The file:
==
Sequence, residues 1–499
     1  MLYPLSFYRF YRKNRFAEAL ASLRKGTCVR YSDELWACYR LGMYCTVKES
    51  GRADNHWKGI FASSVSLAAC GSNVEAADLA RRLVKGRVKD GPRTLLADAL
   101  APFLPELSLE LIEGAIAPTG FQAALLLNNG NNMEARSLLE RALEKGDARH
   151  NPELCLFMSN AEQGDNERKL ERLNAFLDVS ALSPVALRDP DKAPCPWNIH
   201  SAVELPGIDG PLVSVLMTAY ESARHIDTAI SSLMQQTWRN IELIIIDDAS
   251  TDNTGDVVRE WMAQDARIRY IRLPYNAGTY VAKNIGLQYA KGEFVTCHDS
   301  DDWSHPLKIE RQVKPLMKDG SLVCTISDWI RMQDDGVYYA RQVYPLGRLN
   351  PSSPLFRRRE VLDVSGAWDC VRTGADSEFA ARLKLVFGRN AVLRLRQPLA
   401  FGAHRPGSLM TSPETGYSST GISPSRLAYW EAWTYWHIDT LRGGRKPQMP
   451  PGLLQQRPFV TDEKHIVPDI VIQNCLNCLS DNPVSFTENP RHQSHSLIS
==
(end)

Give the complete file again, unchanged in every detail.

Sequence, residues 1–499
     1  MLYPLSFYRF YRKNRFAEAL ASLRKGTCVR YSDELWACYR LGMYCTVKES
    51  GRADNHWKGI FASSVSLAAC GSNVEAADLA RRLVKGRVKD GPRTLLADAL
   101  APFLPELSLE LIEGAIAPTG FQAALLLNNG NNMEARSLLE RALEKGDARH
   151  NPELCLFMSN AEQGDNERKL ERLNAFLDVS ALSPVALRDP DKAPCPWNIH
   201  SAVELPGIDG PLVSVLMTAY ESARHIDTAI SSLMQQTWRN IELIIIDDAS
   251  TDNTGDVVRE WMAQDARIRY IRLPYNAGTY VAKNIGLQYA KGEFVTCHDS
   301  DDWSHPLKIE RQVKPLMKDG SLVCTISDWI RMQDDGVYYA RQVYPLGRLN
   351  PSSPLFRRRE VLDVSGAWDC VRTGADSEFA ARLKLVFGRN AVLRLRQPLA
   401  FGAHRPGSLM TSPETGYSST GISPSRLAYW EAWTYWHIDT LRGGRKPQMP
   451  PGLLQQRPFV TDEKHIVPDI VIQNCLNCLS DNPVSFTENP RHQSHSLIS